18/01/2013 at 12:27

          A key part of understanding Shakespeare i think it to go and watch pantomime, nothing beats that (oh yes it does! Oh no…and so forth). Schools have no concept of teaching these days, it’s just copy ans assimilate the information we give you if you hear it enough. I best not get started on a rant, it’s to cold for that.

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          • Christina ~

            20/01/2013 at 03:12

            Sounds like you and I are agreed there….although….wouldn’t a good rant keep us warm? No wait….that was what the movie Sunshine was for! 😉

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            • StetotheJ

              20/01/2013 at 20:04

              Such a great soundtrack to boot, maybe one day we should have a rant off, we could get some crews to stand around us and jeer at the other person and do it on a street. I’d turn my cap backwards and everything! Or there is the movie to quietly rewatch.

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              • Christina ~

                08/02/2013 at 22:10

                Agreed about the soundtrack!! Ha!! I LOVE that….a rant off…especially if you turn your cap backwards! oh yes…would definitely need some jeer-er’s lol 😀 How about a rant off and then quietly rewatching the movie? Best of both worlds 🙂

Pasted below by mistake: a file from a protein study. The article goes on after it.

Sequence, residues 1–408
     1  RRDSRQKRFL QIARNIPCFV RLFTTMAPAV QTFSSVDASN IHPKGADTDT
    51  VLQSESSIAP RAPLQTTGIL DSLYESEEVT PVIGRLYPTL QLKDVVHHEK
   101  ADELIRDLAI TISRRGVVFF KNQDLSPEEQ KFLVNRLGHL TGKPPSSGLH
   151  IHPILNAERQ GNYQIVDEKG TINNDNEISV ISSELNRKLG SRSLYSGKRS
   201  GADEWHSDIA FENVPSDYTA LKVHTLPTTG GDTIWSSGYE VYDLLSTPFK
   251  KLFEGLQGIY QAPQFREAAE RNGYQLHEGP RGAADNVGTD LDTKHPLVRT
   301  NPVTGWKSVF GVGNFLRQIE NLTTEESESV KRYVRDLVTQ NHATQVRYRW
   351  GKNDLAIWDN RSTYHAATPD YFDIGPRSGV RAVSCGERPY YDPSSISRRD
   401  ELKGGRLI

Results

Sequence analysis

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                • StetotheJ

                  09/02/2013 at 12:24

                  Sounds like a plan, I shall bring popcorn, loads of it although I suspect that may not be enough. In fact lets make a day of it.

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                  • Christina ~

                    12/02/2013 at 20:34

                    Count me in!! Neverending popcorn and most excellent company!! Sounds like more fun than I’ve had in a long long looong time! 😀

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                    • StetotheJ

                      12/02/2013 at 20:45

                      I would be up for that, I would also like to add in a high five and possibly a book because I would be lost without one.

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                    • Christina ~

                      13/02/2013 at 00:33

                      Make that a double high five and all the books you wish…I’ll even help carry them! 🙂

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                    • StetotheJ

                      13/02/2013 at 15:51

                      You are to kind, there will be many books, more than you can shake a stick at and I imagine you to be a dab hand at stick shaking,

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  9. readinpleasure

    17/01/2013 at 13:43

    Sounds very interesting

    Like

     
    • StetotheJ

      18/01/2013 at 12:32

      The only bad thing about it is the weight, all the rest is quality!

      Like